Thursday, May 23, 2024

Biden’s Latest Airstrikes Spark Controversy: Critics Recall Pledge to Avoid ‘Endless Wars’

President Joe Biden is facing bipartisan pushback after ordering airstrikes on Houthi targets in Yemen without seeking Congressional approval. Social media erupted with criticism, with many users resurfacing an old tweet where Biden vowed not to return to "forever wars in the Middle East."

Biden’s promise to use military power responsibly is now under the spotlight, as the US and the UK executed over 60 strikes in Yemen to counter Iran-backed Houthi group’s attacks in the Red Sea.

In a past tweet, Biden had declared: “As President, I will use military power responsibly and as a last resort. We will not go back to forever wars in the Middle East. #DemDebate”

Social media users were quick to point out the apparent contradiction. One user sarcastically remarked, “Narrator: ‘He did, in fact, go back to endless wars.'”

Another user criticized the allocation of tax dollars, stating, “Then please stop giving my tax dollars to Israel! You are funding a forever war against Palestine.”

A third user drew attention to Biden’s decision-making process, stating, “I will become a dictator and not ask Congress for approval. Even my own party is calling me out. Can I have my ice cream now that I violated the Constitution?”

The airstrikes on Yemen followed a series of drone and missile attacks by Iranian-backed Houthis on shipping vessels in the Red Sea.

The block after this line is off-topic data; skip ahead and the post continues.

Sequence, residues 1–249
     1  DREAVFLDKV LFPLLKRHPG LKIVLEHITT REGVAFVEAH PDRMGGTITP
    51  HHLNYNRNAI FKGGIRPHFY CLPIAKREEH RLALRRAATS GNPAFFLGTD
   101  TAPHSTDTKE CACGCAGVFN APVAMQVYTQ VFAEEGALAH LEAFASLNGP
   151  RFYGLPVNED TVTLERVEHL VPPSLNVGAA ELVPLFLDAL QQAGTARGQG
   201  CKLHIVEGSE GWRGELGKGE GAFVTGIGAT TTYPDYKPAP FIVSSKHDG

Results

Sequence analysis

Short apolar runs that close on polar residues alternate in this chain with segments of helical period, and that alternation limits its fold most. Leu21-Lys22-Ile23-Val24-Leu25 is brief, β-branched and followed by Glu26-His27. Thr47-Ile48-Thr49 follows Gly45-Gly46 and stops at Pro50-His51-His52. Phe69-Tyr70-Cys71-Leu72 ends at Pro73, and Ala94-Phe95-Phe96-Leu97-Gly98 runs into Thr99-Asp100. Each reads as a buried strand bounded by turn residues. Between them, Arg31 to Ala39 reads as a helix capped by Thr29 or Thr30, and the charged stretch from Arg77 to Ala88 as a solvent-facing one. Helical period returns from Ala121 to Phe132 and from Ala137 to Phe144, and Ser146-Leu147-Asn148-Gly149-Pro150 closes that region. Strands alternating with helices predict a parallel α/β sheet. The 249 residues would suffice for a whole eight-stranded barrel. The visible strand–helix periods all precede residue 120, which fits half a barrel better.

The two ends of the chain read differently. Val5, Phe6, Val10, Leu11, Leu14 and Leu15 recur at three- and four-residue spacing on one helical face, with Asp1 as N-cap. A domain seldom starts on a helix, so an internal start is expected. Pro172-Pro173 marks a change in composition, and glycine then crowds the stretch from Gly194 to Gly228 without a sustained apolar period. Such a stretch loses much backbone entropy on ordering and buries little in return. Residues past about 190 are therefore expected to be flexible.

“The United States has been involved in hostilities in Yemen, in one form or another, for over 5 years now,” wrote Rep. Thomas Massie, R-Kentucky. “The sad reality is Congress frequently refuses to assert its authority.”

Representative Ro Khanna emphasized the need for Congressional approval, stating, “The President needs to come to Congress before launching a strike against the Houthis in Yemen and involving us in another Middle East conflict.”

“If President Biden had enough time to form a multinational coalition to plan and conduct strikes in Yemen, then he had enough time to seek and obtain an authorization from Congress as our Constitution requires,” noted libertarian former Rep. Justin Amash of Michigan. “Without this authorization, any nondefensive military action is unconstitutional and unlawful.”

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